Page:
Why so few women at an enviro conference?
By greenlagirl on November 17, 2007
BlogHer Original Post
So an enviro-biz focused conference dubbed Opportunity Green happened in Los Angeles today. I attended, excitedly, but during the downtime, started calculating girly stats. The result? I realized that only 8 women, versus 28 men, were speakers or panelists at this conference.
Worse, 4 of those 8 women were panelists on a single session, titled "Women in Sustainability Shaping the Future." Meaning that if it weren't for that panel, we'd only have had 4 women in the conference. And even worse, out of the 5 keynote speakers, NONE were women.
The whole thing bothered me enough that I talked about it with some other attendees -- including some of the male panel members. Jamais Cascio, co-founder of WorldChanging and one of the morning keynotes, also expressed that he too noticed how male-dominated -- more specifically, white-male dominated -- the conference was. He went on to note that, really, it isn't too hard to find female speakers and panelists who are leaders in the environmental movement today.
So why the disconnect? I spoke with Karen, one of the organizers of Opportunity Green, a month or so ago -- and she rued that she had a hard time finding female panelists.
Which is it? I'm of the opinion that male panelists are the EASIEST to get. That's just how the way the world works right now, and that's why we need spaces like BlogHer to serve, at the very least, as a sort of counterpoint to that male-biz-as-usual mentality. If a conference organizer doesn't pay attention, the said conference is likely to end up with a male-dominated conference.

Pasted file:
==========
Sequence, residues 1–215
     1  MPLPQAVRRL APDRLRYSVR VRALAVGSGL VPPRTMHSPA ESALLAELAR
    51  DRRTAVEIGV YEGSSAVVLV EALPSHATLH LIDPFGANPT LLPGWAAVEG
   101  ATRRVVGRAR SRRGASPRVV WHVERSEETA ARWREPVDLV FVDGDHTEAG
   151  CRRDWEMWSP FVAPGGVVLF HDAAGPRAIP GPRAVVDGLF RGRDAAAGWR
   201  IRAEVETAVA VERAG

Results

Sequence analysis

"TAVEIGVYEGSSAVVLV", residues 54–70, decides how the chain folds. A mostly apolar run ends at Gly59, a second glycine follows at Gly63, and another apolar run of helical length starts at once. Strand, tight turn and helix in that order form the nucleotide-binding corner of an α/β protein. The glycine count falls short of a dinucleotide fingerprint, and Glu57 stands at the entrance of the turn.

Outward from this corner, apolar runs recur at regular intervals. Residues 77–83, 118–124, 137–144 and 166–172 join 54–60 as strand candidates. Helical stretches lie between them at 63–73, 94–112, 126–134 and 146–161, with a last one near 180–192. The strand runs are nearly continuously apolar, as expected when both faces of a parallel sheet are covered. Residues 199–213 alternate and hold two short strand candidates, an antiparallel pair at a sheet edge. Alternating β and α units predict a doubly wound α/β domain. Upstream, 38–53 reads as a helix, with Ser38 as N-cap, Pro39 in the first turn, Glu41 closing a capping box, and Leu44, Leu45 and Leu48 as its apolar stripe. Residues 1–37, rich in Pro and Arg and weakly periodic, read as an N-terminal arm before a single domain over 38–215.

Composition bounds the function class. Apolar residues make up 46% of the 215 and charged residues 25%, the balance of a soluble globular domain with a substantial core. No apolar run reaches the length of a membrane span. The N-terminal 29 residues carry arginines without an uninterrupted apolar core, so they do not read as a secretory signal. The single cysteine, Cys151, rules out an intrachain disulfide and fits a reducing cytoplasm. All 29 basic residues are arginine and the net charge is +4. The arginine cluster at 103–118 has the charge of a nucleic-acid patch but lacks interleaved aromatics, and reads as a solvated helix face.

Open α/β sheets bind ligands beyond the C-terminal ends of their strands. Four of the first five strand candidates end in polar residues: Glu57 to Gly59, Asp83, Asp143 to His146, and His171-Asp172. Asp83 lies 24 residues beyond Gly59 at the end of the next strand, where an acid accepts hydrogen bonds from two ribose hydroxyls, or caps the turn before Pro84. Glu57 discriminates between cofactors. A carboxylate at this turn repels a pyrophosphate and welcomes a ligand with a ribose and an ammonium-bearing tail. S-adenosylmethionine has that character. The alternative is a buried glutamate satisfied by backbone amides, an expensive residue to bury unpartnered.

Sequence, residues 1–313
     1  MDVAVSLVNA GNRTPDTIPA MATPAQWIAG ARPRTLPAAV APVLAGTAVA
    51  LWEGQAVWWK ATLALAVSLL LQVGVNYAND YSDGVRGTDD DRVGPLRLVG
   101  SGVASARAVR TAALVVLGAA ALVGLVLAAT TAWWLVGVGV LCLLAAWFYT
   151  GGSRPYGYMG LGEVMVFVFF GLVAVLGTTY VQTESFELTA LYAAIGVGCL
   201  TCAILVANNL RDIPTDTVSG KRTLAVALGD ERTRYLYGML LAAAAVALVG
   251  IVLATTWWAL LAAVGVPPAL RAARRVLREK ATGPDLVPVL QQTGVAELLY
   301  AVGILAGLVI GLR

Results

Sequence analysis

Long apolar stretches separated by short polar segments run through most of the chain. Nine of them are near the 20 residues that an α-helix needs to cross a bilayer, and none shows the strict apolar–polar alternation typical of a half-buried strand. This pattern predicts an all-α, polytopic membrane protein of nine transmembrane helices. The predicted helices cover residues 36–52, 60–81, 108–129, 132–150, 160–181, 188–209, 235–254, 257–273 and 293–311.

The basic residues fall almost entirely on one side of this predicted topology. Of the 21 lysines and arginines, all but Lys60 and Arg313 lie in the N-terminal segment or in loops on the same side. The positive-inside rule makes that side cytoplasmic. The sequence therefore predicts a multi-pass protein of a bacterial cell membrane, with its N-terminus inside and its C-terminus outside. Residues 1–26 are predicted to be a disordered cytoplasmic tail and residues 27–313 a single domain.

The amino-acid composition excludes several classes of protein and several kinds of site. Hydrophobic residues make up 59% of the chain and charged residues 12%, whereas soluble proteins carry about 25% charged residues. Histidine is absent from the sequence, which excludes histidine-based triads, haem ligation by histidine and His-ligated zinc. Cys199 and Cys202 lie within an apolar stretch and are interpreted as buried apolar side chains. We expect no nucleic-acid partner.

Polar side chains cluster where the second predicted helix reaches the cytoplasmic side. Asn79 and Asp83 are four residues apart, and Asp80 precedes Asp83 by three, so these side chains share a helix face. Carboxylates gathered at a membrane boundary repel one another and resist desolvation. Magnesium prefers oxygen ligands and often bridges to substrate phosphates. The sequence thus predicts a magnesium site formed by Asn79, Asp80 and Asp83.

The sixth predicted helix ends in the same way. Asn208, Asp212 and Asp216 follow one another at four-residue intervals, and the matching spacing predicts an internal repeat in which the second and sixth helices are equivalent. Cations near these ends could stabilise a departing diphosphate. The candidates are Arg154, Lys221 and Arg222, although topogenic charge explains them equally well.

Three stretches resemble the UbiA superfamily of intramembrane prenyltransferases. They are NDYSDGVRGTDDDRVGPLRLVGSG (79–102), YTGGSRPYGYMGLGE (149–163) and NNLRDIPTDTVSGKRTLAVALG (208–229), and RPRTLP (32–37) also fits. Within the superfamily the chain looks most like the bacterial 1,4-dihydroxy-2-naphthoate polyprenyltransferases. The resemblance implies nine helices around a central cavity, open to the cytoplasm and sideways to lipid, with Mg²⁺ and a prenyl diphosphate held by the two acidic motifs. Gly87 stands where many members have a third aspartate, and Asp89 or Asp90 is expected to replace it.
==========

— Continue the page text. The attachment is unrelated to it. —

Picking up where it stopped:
I was especially disappointed with this gender imbalance at Opportunity Green because environmentalism is one of the areas where women have taken the lead. Even the companies that the male speakers at the conference represented were selling products marketed primarily to women. Method, for example, sells cleaning products, for which women make up the vast majority of the customer base.
This isn't exactly a new issue: Jen Bekman of Personism wrote about this in regards to the Creativity Now Conference issue back in 2006. Kottke even crunched a whole buncha numbers to show how egregious the gender divide at conferences remained.
What are your ideas for encouraging enviro-conferences -- or really, conferences in general -- to consider gender equity and balance in their planning?
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